Google is making plans to offer an electronic-payment service that could help the Internet-search company diversify its revenue and may heighten competition with eBay Inc.’s PayPal unit.

Exact details of the search company’s planned service are not known. But the knowledgeable people say it could have similarities with PayPal, which allows consumers to pay for purchases on Web sites by funding electronic-payment accounts from their credit cards or checking accounts. Some consumers like PayPal for the security it offers, since it allows them to share their banking or credit-card numbers only with PayPal without having to divulge the information to merchants.

Spokespeople for Google and PayPal declined to comment.

For Google, Mountain View, Calif., a payment service could represent a significant expansion beyond online advertising, which generated 99% of its $3.2 billion in revenue last year. Online-payment providers typically generate revenue by taking a commission on each transaction.

Depending on the exact details, Google’s move could potentially threaten eBay’s successful PayPal service, which generated $233.1 million, or 23% of eBay’s revenue in the first quarter. PayPal has been widely adopted by buyers and sellers on eBay’s auction marketplace as a way to pay for purchases. Recently, eBay has been trying to expand PayPal’s presence as a payment system for other Web sites. In the first quarter, 71% of PayPal’s revenue came from eBay auctions, the company says.

“It could be a pretty big negative for eBay if it happens,” says Safa Rashtchy, Internet analyst at Piper Jaffray. Mr. Rashtchy said he believes Google is also working on a classified-listing service, which also would compete with eBay, San Jose, Calif.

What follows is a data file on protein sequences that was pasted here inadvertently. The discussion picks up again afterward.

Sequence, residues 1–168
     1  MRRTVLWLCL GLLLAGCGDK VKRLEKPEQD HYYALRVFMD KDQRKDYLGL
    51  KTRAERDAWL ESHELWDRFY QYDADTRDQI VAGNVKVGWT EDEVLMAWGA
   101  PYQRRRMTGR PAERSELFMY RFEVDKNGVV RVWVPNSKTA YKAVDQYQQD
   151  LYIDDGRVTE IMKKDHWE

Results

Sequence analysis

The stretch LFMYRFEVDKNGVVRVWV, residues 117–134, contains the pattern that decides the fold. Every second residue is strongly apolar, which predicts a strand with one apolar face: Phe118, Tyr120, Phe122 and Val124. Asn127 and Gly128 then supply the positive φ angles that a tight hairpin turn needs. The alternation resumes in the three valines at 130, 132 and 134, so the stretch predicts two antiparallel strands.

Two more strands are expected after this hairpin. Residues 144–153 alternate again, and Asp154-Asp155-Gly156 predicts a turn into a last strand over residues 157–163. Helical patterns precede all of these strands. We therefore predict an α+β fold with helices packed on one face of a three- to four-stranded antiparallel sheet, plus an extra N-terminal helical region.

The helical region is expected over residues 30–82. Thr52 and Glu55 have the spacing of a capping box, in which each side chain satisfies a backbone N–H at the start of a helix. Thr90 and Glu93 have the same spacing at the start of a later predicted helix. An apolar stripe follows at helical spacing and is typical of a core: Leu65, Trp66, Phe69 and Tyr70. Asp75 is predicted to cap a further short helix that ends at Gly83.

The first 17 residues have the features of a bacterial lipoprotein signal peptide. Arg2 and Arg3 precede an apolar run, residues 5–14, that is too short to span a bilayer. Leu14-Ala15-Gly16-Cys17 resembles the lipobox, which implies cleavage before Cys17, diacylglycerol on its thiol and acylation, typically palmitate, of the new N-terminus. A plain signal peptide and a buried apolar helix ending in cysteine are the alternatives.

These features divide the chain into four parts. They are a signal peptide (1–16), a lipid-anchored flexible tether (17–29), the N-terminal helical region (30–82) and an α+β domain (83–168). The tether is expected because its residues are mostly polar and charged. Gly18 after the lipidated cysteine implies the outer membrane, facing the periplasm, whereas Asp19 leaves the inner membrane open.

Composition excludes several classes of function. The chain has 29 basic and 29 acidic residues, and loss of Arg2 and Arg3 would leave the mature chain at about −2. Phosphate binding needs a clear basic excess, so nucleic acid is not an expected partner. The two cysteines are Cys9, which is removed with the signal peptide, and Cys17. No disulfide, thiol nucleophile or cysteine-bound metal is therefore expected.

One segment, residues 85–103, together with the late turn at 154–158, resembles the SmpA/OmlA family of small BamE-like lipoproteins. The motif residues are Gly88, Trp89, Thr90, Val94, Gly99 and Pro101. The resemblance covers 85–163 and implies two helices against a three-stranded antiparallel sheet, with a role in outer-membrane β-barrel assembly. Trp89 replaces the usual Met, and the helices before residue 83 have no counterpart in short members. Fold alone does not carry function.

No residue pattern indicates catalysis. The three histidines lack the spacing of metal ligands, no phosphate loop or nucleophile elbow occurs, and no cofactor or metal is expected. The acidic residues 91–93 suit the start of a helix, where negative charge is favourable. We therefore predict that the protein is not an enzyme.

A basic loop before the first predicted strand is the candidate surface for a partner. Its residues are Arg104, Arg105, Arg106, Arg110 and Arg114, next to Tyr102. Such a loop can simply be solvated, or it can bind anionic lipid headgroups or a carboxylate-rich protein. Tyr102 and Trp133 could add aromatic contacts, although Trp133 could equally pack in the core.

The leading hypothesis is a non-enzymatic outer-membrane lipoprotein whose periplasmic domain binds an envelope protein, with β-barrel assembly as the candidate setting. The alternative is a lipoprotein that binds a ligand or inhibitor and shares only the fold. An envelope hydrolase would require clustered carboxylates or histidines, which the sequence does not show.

The moves would highlight the growing rivalry between the two Internet companies, even while eBay itself is a big buyer of Google’s online ads. For example, many eBay sellers now also sell through their own Web sites, to which they attract shoppers by buying search-related ads on Google.

Google has offered a hint that it might set up an online-payment service. Its Web site says the company will eventually allow consumers to pay to view videos online. But Google to date has not provided any details of any payment-service plans. Google currently accepts credit-card payments for some services, including advertisements and customized research.

Rumors about a new Google payment service escalated following a panel discussion at a Piper Jaffray Internet conference on Thursday. At the conference, Scot Wingo, chief executive of ChannelAdvisor, a Morrisville, N.C. e-commerce consulting firm, said he believed the payment service would be launched soon. In an interview, Mr. Wingo said he based his statement on questions from retailers with which his company works. Mr. Wingo said the retailers have asked him whether ChannelAdvisor would support the service, which some believe goes by the code name Google Wallet.

During the discussion, Patrick Byrne, president of online retailer Inc., recalls saying, “Yes, this Google Wallet sounds like it might be great. But is all this public yet?” In an interview, Mr. Byrne says he has not had any “substantive discussions” with Google about a payment service.

Beyond a possible additional revenue stream, an electronic-payment service could give Google more insight into the effectiveness of its core advertising service. Google might be able to better track whether users who click on search-related advertisements make purchases from the advertiser.

More here.